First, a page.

3 Endocrine system controls Salmonidae growth
Our research group is investigating how Salmonidae growth is regulated by hormones. An endocrine system called the growth hormone (GH) – insulin-like growth factor (IGF)-I system plays a central role in growth regulation. Within this system, we focus on IGF-I and IGF-binding proteins that regulate its activity.
We often hear the words metabolism and growth. Their relationship is shown in the figure below. Metabolism can be divided between anabolism, which is a process through which organic matter is synthesized from simple substances through energy consumption; and catabolism, which decomposes complex substances to extract energy. The surplus from anabolism is then utilized for growth in the processes of proliferation, differentiation, and hypertrophy of the cells that support the body. However, when animals are starved, this surplus is degraded, and the process is switched to catabolism for procuring energy. Metabolism and growth are linked in these ways.
The growth of vertebrates, including fish, is primarily regulated by growth hormone (GH) and insulin-like growth factor (IGF)-I. GH is secreted from the pituitary gland either directly or indirectly through IGF-I in target organs such as the bones and muscles. IGF-I is secreted into the blood mainly through the stimulation of GH. Blood IGF-I not only mediates the action of GH but also inhibits the synthesis and secretion of GH in the pituitary gland. This is called negative feedback. The GH – IGF-I endocrine system remains autonomous in this way. IGF-I not only promotes cell proliferation but also helps improve adaptation to seawater when acting in the gills. It also contributes to the development of the gonads. Why does IGF-I, which has such a diverse range of effects, act on the appropriate organ at the appropriate time? Several IGF-binding proteins (IGFBPs) play an important role in this aspect.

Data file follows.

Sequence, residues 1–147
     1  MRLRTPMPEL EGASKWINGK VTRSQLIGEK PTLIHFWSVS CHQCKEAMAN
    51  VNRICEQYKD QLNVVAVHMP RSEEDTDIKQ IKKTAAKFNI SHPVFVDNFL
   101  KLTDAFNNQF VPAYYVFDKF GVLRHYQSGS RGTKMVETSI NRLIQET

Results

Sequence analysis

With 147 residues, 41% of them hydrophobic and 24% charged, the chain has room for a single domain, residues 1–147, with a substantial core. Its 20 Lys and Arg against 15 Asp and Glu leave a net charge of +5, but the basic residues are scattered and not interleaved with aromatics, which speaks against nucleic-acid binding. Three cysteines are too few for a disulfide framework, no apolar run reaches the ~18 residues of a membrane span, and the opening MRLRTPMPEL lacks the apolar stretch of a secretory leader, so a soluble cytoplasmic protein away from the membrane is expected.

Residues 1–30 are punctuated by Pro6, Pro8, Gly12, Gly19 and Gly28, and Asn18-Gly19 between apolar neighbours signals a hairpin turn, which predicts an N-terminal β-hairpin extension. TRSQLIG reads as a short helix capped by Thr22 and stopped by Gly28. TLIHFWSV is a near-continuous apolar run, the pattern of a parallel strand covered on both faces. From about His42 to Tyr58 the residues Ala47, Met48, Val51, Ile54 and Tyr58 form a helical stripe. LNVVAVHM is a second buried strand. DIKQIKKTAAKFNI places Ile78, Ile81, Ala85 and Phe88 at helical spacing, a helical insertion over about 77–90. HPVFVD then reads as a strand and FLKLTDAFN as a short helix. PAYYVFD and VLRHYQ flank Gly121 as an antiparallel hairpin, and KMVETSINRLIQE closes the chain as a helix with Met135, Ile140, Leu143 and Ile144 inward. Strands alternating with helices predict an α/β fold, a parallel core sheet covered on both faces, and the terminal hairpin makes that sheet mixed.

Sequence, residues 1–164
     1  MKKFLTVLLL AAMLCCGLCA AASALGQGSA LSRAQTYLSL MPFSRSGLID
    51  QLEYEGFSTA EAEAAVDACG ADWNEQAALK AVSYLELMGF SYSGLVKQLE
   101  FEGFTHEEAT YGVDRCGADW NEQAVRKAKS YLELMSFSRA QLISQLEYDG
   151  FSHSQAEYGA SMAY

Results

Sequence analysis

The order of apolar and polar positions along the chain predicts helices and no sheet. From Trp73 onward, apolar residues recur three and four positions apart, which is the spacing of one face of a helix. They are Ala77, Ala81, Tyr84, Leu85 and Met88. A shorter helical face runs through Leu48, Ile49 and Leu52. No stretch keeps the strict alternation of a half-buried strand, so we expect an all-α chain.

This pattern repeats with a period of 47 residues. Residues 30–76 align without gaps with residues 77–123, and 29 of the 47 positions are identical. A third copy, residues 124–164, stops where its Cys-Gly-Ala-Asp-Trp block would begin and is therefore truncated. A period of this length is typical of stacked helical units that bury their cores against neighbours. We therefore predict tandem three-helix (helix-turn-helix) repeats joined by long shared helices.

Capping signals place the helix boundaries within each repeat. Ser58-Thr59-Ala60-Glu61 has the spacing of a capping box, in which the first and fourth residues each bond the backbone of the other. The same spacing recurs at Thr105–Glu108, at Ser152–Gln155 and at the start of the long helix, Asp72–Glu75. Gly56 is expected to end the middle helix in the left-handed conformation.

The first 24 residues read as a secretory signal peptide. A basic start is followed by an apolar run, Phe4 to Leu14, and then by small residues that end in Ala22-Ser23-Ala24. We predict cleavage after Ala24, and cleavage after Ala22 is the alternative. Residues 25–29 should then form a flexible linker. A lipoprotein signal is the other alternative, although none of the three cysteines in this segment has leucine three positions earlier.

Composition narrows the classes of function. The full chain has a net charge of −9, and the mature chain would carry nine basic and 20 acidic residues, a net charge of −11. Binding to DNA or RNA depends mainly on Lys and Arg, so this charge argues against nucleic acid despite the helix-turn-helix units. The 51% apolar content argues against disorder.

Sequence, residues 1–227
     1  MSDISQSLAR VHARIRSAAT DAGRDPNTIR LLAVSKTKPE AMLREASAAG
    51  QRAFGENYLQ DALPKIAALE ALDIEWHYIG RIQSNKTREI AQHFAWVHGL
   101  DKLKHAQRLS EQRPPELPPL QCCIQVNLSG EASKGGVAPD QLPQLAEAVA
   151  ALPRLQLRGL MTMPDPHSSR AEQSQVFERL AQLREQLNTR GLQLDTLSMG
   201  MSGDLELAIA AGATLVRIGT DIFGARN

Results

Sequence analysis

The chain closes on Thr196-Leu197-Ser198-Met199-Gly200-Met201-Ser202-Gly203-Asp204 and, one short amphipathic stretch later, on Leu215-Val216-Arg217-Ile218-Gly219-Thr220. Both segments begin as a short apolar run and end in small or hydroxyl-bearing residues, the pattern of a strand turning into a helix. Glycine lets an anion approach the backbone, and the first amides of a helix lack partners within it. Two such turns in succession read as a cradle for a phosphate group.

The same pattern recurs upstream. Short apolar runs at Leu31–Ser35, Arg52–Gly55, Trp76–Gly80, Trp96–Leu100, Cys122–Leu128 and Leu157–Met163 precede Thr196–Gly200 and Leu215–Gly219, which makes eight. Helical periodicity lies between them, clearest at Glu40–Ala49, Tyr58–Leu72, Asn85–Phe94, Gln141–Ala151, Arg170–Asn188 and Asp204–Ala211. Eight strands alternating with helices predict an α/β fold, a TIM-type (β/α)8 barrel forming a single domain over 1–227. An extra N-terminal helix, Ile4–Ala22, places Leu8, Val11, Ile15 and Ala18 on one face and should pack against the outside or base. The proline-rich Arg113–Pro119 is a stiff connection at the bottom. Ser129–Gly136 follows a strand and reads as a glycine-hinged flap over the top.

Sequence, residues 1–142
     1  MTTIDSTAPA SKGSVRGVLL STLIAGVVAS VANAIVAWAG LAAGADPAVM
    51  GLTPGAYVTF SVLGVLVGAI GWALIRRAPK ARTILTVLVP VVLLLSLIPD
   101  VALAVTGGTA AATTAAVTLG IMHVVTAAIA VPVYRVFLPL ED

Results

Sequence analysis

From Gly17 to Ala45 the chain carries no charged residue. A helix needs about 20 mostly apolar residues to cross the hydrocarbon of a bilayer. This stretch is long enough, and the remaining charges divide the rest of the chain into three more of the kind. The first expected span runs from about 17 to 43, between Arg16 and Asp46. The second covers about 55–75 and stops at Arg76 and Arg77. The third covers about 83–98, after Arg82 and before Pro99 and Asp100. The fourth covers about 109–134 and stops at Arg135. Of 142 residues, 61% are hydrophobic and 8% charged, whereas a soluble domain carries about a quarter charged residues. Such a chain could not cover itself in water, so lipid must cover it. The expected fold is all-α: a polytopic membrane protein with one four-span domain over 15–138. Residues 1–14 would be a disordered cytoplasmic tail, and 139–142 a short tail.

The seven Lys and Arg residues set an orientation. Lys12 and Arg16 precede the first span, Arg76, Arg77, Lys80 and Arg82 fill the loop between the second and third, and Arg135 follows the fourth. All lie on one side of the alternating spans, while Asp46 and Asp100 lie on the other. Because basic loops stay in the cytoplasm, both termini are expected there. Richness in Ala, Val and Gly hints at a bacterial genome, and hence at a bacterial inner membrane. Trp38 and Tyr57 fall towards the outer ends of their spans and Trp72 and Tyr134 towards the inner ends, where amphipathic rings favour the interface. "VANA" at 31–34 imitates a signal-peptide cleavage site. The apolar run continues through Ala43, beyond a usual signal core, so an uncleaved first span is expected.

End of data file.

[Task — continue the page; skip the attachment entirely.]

Most of the IGF-I exists bound to IGFBPs. IGFBPs are capable of inhibiting IGF-I from binding to the receptor or/and promoting the effects of IGF-I by transporting it to target cells and passing it to the receptor while protecting it from degradation. Types 1-6 of IGFBPs are known; each of these exhibits different IGF-I inhibitory / promoting functions. The activity of the IGF-I is strictly regulated by multiple IGFBPs in this way, and IGFBP is an important element in understanding the growth regulation mechanism.
IGFBP regulates the growth-promoting effect of IGF-I. Three main types are found in the blood of Salmonids, namely, IGFBP-2b, -1a, and -1b in descending order of molecular weight. These are important in terms of their ability to regulate IGF-I activity. However, we believe that these are also useful as growth indicators in terms of reflecting growth status. As shown in the figure below, differences in the IGFBP patterns in the blood can be observed when juvenile Chinook salmon (Oncorhynchus tshawytscha) are reared separately in a feeding group and fasting group. For example, the amount of IGFBP-2b is high in the feeding group, whereas IGFBP-1b is high in the fasting group. Using these IGFBPs together with IGF-I as the positive and negative indicators of growth enables the possibility of more accurately evaluating the growth rate of salmon. This is expected to improve the efficiency of the aquaculture industry and hatchery release program.
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